well our craft is still sitting on top of a 30 km tall cliff. We calculate this little number and we add an additional 1.47 * 10⁸ kg/m or 1.442 * 10⁹ joules to the mix for a total of 7.713 * 10⁹ joules of energy to deal with.
The formula you used for potential energy is the common form:
Ep = m×g×h

But that works supposing that g is constant, which is fine if h is small compared to the Earth radius. But here it's not the case, at 30 km the gravity already dropped by more than 15%!

Fortunately the exact formula is still simple:
Ep = - μ × m / (R + h)

μ is the gravitational parameter (G×M in the usual astrodynamics formulas). For Earth ingame, you have:
μ = 972.405 × 10⁹ m³/s².
R is the Earth radius (315000 m for Earth in SFS).

And yes, it's negative, but because potential energy is a relative term. What counts is the difference of potential energy between 2 points. So here the potential energy is actually given by:
ΔEp = Ep(h = 30000m) - Ep(h = 0m)

You get ΔEp = 1.315×10⁹ J instead of 1.442×10⁹ J.

This doesn't drastically change things though, since kinetic energy is the dominant factor.

I'm having a real issue with atmospheric density. What I'm getting with atmosphere height of 30 km and a curve of 10. Density is .5 at 2000 meters .2 at 3000 meters and thins to nothing rapidly after that. Big problem. No atmosphere = no drag = no heat
I'm reworking the numbers but my first hypothesis is, unfortunately, holding true. There's simply nothing in the top 10 kilometers of atmosphere to generate the temperatures shown.☹️
You're correct, the density decreases exponentially, and it becomes quickly very low.

But you shouldn't conclude that there's nothing to generate drag.

First thing, maybe check your calculations because I don't know how you get those numbers. Density at ground level is 5 kg/m³ (0.005 is in tons/m³), so at 2000 m, it is:
ρ(2000 m) = 5 × exp(-10 × 2000 / 30000) = 2.57 kg/m³.

At 10 km, ρ = 0.178 kg/m³
At 30 km, ρ = 2.3 × 10^(-4) kg/m³

At a high altitude density is very low, but in the drag formula, it is multiplied by V². So at 1660 m/s, the dynamic pressure is:
P_dyn = 1/2 × ρ × v² = 312.8 N/m²

You see it's not negligible. You only have to multiply by the surface and the Cd coefficient to get drag.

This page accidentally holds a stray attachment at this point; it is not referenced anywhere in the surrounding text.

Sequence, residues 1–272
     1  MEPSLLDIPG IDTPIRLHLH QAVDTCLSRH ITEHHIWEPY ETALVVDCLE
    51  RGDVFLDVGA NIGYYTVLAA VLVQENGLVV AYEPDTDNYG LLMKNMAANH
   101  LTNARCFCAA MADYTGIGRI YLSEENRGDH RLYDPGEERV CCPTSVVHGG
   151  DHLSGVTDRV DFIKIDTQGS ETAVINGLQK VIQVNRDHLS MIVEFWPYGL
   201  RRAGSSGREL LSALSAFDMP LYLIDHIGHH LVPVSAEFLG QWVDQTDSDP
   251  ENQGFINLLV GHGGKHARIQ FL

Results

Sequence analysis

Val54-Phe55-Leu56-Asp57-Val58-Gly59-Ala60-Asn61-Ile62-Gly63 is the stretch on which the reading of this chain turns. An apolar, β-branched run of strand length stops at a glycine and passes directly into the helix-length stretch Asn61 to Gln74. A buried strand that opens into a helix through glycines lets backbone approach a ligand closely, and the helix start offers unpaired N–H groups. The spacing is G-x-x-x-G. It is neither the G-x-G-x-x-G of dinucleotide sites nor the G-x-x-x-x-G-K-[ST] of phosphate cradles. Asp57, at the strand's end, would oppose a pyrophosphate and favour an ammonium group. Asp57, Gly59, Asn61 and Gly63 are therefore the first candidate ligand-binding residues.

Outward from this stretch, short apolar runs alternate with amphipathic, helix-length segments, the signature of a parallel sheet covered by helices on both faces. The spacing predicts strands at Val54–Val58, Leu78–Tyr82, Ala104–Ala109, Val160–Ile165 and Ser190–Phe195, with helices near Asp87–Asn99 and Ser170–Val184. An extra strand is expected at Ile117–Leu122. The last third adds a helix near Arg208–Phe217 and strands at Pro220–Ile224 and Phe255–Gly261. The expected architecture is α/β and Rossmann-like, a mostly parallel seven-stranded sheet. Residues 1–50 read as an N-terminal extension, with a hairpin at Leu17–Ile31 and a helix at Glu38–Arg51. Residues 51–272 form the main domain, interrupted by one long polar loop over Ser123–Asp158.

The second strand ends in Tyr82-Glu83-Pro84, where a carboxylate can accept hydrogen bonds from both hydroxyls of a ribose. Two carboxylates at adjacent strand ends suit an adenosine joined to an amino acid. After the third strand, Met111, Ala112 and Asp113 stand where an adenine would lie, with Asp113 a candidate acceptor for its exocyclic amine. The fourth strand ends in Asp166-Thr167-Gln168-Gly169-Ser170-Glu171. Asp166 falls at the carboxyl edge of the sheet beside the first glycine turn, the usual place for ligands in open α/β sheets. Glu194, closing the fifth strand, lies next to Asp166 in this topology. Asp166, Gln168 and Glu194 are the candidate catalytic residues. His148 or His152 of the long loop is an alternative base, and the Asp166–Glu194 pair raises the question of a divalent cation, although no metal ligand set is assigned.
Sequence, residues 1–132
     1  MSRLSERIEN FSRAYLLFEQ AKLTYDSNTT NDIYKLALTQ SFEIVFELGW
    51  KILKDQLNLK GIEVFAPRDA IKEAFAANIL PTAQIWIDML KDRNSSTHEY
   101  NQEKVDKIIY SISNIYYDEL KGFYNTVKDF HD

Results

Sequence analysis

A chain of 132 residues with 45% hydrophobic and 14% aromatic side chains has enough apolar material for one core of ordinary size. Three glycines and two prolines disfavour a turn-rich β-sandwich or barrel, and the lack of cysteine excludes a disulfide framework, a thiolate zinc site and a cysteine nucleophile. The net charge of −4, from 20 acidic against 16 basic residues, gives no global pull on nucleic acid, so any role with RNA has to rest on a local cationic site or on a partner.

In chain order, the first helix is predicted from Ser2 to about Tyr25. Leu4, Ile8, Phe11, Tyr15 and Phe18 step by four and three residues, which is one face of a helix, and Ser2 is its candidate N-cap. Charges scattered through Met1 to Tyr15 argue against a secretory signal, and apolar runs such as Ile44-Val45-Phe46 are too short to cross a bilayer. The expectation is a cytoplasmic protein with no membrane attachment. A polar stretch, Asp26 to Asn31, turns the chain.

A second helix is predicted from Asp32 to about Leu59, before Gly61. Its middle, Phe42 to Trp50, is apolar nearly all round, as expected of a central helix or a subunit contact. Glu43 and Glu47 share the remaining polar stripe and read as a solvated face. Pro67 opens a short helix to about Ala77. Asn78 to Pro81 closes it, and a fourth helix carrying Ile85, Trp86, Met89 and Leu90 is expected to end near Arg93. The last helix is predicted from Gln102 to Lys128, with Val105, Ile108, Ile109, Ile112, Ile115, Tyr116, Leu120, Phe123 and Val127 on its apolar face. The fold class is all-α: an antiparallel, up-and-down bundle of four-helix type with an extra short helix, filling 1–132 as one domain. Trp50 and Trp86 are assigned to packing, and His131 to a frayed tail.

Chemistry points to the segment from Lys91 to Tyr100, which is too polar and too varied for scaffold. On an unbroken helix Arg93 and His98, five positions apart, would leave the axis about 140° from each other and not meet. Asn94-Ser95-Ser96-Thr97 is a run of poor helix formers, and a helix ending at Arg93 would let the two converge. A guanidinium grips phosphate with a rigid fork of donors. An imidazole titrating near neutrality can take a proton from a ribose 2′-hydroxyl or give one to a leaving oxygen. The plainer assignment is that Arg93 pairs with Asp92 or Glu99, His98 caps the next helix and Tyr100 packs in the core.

For the heat generated it's worse. The power generated by drag is P = Fd × v. If we assume that the power is fully converted to heat, we have:
P = 1/2 × ρ × v³ × Cd × A

Power is proportional to v cubed!

It doesn't look like but you can quickly get some huge values. In particular, the formula P = Fd × v implies that at a high speed, even a low drag will be enough to generate a significant amount of heat.

A tragic example of this is the Columbia shuttle, that was destroyed when it was still at 60 km above ground level. It looks like we are still far from space at 60 km, but the density is already 10000 times lower than at ground level there. It's only significant because of the speed at which reentry occurs, a human exposed to that atmosphere would die very quickly the same as if he was in vacuum.
 
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§PaCëØddît¥

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#7
My apologies for the delay getting back.

First a couple of corrections.

Initial re-entry velocity is 2118 m/s not the 1600 m/s used in the original calculations. Recalculating total energy of our craft - kinetic energy = to 4,900kg × 2118 m/s = 10. 378 × 10⁶ kg/m = 10.378 × 10⁶ × 9.804 = 1.018 × 10⁸ Joules + Ep = μ × m / (R + h) @Altair = Ep = 1.35 × 10⁹ Joules for a total energy of 11.528 × 10⁹ Joules.( Although I got total energy a complete factor lower at 2.165 × 10⁸ joules)

This is the energy we must account for for the math to work.

Another error was my reading of the Fd formula. I read it as ½ p × V² × A. Correctly it's Fd = p × V²/2 × A. Density times velocity squared divided 2 × A.

Additionally, the behavior of the atmosphere interacting with an object travelling at supersonic speeds should be included. This will include air flow as well as air column compression in front of the craft as these are significant factors. Speed of sound @ 20°C = 343m/s @ -60°C = 292m/s. Craft velocity at atmospheric entry = mach 7.25. The calculations show supersonic flight characteristics don't come into play

Formulas:

Density

D = Cd ×( p × V²) × A
2

Isentropic ( Ice-n-tropic) Compression

T2T1 = (P2P1) y - 1y

T1 = initial temperature, T2 = temperature at the end of the compression process, P1 = initial pressure, P2 = compressed pressure, y = 75 for diatomic gas.

R = Hs @ Pc - Hs @ Vc

R = specifc heat at a constant pressure (cp) minus the specific heat at a constant volume (cv) = the gas constant.

A brief word on an Isentropic process. There is no transfer of heat because it's adiabatic. (process or condition in which heat does not enter or leave the system concerned.)